Case Presentation: A 25-year-old African American male presented with complaints of headache and acute painful vision loss in his left eye. He had stable vital signs. On exam, he had 20/20 vision in his right eye with intact visual field and 20/400 vision in his left eye with superior temporo-nasal visual field loss. Fundoscopic exam of the left eye showed diffuse cotton wool spots. Labs were remarkable for elevated CRP of 17.3 and ESR of > 130. CT head revealed no acute hemorrhage, however an MRI of orbits and face revealed a dural venous sinus thrombosis of right transverse and sigmoid sinus extending to the right internal jugular vein. He was started on therapeutic enoxaparin.
He had a lumbar puncture with normal opening pressure and normal WBC, RBC, glucose and protein. CSF fluid tests for viral infections were negative. Due to concern of posterior uveitis and disc edema without signs of endophthalmitis, he was started on atropine and prednisolone eye drops.
Later on, he reported a history of painful recurrent oral ulcers and peritonsillar abscess formation. Also, several papules were noticed on exam in the patient’s forearm and hand where he had labs drawn several days ago. Given these discoveries in the setting of his elevated inflammatory markers and bilateral posterior uveitis, there was concern of vasculitis. Work-up with ANCA, ANA, rheumatoid factor, HLA B27, complement levels were normal.
Given his history of painful oral ulcers, posterior uveitis, sinus thrombus, and pathergy, the patient was diagnosed with Behçet’s disease (BD). He was started on 1 mg/kg oral prednisone upon discharge and azathioprine as outpatient.
Discussion: BD is a multisystem vasculitis with a unique geographic distribution. It affects people mostly from eastern Asia to the Mediterranean. Clinical manifestations are classic for relapsing anterior/posterior uveitis, painful recurrent oral and genital lesions.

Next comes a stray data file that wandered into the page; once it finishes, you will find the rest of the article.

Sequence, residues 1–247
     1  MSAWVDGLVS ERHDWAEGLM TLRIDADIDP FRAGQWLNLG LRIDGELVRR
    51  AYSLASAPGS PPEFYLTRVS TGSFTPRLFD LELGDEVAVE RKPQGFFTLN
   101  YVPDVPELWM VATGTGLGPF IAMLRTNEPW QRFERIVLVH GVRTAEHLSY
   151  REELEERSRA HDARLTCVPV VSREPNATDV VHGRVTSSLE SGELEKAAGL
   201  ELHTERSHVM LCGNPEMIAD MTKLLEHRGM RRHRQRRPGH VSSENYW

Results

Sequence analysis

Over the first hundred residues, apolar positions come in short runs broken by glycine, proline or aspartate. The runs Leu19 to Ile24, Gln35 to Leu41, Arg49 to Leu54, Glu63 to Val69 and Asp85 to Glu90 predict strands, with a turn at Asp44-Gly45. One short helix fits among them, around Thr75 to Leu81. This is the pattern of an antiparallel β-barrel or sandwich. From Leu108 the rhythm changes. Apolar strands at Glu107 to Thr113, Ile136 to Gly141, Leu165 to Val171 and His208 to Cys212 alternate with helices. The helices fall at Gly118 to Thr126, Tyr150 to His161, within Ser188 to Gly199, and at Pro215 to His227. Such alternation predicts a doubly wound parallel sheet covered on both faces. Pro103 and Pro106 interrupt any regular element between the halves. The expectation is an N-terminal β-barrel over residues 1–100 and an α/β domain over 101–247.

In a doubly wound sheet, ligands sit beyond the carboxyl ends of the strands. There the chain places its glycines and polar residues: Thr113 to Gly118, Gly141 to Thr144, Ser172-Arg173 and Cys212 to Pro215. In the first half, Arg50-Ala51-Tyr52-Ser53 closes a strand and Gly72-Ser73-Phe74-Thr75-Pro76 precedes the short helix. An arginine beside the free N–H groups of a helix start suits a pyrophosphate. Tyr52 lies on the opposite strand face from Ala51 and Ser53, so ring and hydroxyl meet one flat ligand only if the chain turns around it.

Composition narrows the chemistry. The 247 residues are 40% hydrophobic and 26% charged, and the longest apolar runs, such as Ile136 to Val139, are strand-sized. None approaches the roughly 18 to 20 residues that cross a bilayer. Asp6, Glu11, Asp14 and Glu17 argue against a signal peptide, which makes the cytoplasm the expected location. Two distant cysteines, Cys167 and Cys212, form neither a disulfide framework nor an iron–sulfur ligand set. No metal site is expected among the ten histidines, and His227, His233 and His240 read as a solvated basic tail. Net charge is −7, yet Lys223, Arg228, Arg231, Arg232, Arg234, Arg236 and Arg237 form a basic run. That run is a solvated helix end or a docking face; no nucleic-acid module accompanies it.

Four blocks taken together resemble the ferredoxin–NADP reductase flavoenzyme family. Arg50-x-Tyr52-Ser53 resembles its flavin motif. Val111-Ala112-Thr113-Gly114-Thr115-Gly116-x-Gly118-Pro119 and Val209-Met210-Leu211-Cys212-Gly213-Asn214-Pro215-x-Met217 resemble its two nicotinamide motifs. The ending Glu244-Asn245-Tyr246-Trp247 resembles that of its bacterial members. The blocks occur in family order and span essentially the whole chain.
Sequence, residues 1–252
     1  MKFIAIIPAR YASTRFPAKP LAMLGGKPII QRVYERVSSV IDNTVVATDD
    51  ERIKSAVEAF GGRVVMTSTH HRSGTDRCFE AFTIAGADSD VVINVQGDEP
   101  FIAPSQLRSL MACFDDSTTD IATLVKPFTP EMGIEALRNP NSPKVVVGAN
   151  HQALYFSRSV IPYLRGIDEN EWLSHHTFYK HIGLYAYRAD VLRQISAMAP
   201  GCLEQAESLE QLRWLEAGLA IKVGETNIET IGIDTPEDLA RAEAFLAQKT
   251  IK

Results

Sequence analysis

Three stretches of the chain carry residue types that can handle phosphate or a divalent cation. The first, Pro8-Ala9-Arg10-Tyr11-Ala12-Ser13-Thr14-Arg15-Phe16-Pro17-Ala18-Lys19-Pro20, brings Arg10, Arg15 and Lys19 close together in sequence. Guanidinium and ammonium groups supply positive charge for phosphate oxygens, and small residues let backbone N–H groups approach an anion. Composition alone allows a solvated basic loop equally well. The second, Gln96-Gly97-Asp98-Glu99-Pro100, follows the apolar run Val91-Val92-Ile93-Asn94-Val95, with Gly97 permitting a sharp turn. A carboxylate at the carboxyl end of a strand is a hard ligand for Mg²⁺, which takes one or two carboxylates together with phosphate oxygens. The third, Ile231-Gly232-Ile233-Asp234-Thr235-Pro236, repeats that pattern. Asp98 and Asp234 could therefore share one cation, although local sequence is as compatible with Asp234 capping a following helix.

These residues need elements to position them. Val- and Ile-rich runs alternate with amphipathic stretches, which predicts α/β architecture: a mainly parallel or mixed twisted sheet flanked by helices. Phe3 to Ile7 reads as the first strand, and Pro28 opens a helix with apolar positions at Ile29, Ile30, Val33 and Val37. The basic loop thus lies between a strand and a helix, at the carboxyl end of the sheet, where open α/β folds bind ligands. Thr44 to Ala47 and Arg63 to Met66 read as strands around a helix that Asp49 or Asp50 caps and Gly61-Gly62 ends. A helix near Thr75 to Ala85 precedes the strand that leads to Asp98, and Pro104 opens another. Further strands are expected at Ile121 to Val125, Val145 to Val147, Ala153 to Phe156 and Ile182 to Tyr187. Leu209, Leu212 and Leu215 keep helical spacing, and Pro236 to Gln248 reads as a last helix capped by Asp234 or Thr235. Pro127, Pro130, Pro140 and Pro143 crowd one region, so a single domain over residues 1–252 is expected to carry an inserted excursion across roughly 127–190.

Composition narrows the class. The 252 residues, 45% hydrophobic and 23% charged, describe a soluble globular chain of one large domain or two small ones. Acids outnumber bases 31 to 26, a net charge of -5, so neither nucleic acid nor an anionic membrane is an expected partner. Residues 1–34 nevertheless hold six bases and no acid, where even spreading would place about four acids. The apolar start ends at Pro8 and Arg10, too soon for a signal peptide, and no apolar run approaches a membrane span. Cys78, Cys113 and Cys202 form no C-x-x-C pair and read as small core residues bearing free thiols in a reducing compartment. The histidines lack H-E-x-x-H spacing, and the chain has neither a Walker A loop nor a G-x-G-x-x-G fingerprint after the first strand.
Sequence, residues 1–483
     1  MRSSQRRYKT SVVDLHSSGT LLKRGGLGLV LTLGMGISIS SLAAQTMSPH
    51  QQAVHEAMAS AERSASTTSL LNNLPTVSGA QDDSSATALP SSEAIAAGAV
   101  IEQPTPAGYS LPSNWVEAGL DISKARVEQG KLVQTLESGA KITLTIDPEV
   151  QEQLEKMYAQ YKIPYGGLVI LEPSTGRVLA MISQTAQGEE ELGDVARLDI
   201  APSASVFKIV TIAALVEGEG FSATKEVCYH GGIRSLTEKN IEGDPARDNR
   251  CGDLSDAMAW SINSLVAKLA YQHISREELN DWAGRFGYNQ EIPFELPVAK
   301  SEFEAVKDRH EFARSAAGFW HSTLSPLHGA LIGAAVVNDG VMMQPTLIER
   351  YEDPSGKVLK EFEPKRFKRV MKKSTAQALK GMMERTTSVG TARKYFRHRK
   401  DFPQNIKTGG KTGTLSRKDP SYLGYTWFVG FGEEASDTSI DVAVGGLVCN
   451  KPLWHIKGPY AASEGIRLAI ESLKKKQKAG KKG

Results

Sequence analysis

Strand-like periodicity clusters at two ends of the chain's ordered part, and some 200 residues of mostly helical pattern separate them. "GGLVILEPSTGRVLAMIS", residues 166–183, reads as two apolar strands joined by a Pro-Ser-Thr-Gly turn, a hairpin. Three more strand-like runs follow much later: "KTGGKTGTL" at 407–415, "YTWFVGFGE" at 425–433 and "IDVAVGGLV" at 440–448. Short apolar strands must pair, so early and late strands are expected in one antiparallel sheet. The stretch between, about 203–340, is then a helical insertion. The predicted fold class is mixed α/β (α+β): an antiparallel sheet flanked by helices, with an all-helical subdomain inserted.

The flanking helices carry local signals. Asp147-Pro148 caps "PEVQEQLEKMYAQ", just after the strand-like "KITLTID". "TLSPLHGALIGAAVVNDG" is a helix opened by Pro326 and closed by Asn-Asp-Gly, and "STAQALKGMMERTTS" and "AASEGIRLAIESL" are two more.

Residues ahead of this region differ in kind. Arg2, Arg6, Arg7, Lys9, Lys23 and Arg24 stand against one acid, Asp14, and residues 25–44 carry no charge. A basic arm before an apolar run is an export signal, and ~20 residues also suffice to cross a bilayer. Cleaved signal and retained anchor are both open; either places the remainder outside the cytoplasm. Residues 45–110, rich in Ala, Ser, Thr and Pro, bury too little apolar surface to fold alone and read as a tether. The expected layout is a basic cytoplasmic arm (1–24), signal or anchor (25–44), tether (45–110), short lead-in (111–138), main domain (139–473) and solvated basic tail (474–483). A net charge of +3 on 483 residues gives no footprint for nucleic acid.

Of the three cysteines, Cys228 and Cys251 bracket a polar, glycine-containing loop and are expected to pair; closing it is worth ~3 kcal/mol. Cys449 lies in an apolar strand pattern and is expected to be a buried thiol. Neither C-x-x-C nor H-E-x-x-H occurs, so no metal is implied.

Criteria for diagnosis is a point-based system using the International Study Group. 2 points each are given to patients with ocular lesions (uveitis), genital apthosis, or oral apthosis. 1 point each is given to patients with skin lesions (papulopustular lesions, erythema nodosum), neurological manifestations, vascular manifestations (thrombosis, aneurysm), or a positive pathergy test. More than 4 points is diagnostic, and our patient had 6 points (ocular, neurologic, oral, pathergy).
Neurologic lesions are rare manifestations of BD. There are only a few reports of first presentation of BD with dural sinus thrombosis. However, their identification has increased due to the increased use of MRI imaging.
Conclusions: This case emphasizes recognizing the neurologic and ophthalmologic manifestations of BD. In addition, BD can present in non-typical ethnic populations, especially in young African Americans. Also, a thorough review of systems may be helpful to identify the associated symptoms in BD patients such as ulcers, skin manifestations, and pathergy that may not initially be found in the presenting history.
To cite this abstract:McCrary, ML; Ahmed, Z; Merando, AR. A RARE DIAGNOSIS IN AN AFRICAN AMERICAN WITH ACUTE VISION LOSS. Abstract published at Hospital Medicine 2019, March 24-27, National Harbor, Md. Abstract 839. https://www.shmabstracts.com/abstract/a-rare-diagnosis-in-an-african-american-with-acute-vision-loss/. Accessed September 20, 2019.